Disgraced US megastar Bill Cosby paid $3.38 million to a former university employee who accused him of sexual assault, a court heard Monday in a dramatic start to the first such celebrity trial of the #MeToo era.

The now frail and isolated 80-year-old Cosby could spend the rest of his life behind bars if convicted in his retrial of drugging and molesting Andrea Constand, 44, at his Philadelphia home in 2004.

The case has besmirched the legacy of an actor once adored by millions as "America's Dad" for his role as lovable father and obstetrician Cliff Huxtable on hit 1984-92 television series The Cosby Show.

The pioneering black entertainer's first trial ended in a hung jury in June last year, with a sequestered panel hopelessly deadlocked after six days of testimony and 52 hours of deliberations.

But before that, the case was initially settled by a civil suit in 2006, in which prosecutor Kevin Steele revealed the actor paid Constand $3.38 million as part of a previously undisclosed settlement.

In long, at times rambling remarks kicking off perhaps the most high-profile case of his career, Steele rehashed the details of the "he-said, she-said" case, saying that it was about broken trust.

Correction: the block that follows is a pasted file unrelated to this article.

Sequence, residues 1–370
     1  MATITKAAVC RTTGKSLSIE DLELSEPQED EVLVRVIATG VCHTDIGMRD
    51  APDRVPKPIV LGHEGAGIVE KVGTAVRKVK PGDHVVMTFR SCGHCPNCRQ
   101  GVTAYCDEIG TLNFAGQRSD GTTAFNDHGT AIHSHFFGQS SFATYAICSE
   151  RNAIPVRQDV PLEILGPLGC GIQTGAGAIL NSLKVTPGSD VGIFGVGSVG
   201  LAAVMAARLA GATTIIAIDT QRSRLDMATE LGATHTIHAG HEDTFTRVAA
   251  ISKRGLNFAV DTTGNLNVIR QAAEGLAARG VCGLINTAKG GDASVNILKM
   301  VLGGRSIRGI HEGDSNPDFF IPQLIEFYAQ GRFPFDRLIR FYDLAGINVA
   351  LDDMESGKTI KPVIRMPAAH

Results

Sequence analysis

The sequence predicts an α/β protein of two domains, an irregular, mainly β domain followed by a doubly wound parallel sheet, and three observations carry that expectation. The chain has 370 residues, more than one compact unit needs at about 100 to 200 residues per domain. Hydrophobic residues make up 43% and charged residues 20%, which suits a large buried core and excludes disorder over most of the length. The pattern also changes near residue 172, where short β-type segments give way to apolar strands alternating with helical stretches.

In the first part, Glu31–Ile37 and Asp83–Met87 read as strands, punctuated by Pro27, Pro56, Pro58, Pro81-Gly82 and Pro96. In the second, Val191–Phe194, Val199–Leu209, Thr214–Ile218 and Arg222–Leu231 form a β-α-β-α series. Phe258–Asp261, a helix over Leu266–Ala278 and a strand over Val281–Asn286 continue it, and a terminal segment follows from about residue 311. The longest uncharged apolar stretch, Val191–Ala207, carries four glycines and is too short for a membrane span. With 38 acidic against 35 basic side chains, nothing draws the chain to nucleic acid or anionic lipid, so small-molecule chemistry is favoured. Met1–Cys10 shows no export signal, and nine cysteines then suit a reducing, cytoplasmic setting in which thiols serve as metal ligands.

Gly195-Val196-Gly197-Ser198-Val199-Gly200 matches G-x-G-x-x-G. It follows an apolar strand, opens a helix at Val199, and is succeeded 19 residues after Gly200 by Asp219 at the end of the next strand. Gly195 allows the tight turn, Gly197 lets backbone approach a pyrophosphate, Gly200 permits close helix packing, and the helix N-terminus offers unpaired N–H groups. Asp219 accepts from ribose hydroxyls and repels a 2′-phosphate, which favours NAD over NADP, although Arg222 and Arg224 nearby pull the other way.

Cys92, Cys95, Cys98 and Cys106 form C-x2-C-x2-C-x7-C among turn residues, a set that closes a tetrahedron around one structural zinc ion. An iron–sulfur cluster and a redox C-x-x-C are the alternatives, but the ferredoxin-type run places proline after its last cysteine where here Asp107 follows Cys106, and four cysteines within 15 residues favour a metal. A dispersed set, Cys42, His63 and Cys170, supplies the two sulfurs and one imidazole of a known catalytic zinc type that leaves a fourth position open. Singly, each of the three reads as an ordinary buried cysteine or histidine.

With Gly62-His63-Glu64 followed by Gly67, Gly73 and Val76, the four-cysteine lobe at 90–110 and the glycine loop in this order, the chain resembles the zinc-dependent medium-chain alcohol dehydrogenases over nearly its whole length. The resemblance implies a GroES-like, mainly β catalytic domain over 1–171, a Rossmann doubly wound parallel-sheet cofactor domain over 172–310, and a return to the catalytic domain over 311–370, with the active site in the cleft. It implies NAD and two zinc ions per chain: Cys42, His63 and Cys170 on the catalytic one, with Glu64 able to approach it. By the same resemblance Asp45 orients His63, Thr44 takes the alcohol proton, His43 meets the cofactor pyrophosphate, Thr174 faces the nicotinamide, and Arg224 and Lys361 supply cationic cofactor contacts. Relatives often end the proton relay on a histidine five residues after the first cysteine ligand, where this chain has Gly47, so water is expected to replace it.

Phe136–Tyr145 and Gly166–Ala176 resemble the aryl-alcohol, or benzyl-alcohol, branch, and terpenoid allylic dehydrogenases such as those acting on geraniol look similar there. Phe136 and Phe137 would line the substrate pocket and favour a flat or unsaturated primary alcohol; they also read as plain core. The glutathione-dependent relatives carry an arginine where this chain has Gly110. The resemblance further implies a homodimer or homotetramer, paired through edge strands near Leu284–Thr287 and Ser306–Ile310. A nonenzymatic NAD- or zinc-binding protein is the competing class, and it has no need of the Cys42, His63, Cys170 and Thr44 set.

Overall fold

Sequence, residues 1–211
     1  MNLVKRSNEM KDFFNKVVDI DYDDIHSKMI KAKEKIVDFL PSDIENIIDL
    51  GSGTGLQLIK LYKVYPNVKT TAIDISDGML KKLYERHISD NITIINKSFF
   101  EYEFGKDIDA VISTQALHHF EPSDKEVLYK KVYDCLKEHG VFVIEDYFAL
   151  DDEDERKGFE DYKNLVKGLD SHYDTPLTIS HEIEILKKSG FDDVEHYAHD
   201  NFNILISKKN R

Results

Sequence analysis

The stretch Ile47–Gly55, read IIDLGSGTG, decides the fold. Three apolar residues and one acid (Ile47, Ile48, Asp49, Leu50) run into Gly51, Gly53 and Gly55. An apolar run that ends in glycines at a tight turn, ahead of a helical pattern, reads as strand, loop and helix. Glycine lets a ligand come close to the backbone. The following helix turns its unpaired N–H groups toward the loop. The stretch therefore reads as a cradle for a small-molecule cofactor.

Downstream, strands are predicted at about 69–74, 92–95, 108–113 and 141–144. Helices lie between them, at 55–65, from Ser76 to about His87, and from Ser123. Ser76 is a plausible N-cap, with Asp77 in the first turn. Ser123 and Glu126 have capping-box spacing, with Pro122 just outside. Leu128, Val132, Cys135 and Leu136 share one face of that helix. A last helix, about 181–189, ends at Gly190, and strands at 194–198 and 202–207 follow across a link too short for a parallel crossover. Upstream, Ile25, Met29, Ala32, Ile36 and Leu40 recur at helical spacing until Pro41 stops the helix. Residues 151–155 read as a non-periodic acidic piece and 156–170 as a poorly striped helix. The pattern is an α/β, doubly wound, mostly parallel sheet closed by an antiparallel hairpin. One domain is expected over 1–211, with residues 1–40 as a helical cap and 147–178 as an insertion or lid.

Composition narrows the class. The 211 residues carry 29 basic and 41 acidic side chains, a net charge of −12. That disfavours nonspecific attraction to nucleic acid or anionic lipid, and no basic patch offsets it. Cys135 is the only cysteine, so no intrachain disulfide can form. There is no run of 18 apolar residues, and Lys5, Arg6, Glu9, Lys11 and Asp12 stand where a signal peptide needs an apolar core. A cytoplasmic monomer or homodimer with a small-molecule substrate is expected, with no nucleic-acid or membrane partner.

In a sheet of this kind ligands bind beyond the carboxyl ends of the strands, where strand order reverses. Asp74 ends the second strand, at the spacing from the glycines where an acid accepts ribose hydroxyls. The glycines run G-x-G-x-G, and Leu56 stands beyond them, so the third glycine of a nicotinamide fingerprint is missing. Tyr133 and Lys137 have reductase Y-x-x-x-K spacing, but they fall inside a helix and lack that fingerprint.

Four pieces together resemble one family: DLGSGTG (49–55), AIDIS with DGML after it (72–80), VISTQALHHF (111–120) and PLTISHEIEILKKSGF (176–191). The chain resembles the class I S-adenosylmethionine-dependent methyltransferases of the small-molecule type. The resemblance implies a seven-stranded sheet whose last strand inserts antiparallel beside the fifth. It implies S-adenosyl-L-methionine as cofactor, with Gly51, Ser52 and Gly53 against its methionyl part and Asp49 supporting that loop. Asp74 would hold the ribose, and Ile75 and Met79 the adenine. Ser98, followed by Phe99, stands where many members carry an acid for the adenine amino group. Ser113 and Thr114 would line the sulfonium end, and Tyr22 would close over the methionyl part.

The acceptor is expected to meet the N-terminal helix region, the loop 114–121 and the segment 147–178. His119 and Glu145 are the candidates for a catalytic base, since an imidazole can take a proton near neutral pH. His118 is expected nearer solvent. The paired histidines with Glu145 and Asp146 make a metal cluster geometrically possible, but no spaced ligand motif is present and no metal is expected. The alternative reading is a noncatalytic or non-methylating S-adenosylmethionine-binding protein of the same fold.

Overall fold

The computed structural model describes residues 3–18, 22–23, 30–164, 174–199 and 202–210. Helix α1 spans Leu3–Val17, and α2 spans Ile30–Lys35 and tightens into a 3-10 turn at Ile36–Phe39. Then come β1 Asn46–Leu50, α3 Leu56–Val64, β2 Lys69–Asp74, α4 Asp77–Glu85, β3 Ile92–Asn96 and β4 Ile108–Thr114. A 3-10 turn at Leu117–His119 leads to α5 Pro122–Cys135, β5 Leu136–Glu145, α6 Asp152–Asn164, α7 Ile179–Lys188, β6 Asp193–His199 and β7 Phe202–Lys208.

He quoted liberally from Cosby's own deposition, given in 2005, in which the actor said he gave Constand an over-the-counter antihistamine to relieve stress and that they had consensual relations.

In that same deposition, Cosby admitted obtaining sedatives with the aim of having sex.

Steele sought to neuter any attempt by the defense to portray Constand as a scheming money-grabber by revealing the sum paid and saying his office had approached her -- not the other way -- once new evidence came to light.

"We're very confident that you will convict the defendant on three counts of aggravated, indecent assault for what he did to Andrea Constand on that night in January 2004," Steele told jurors.

"She was incapable of consenting to anything," he added.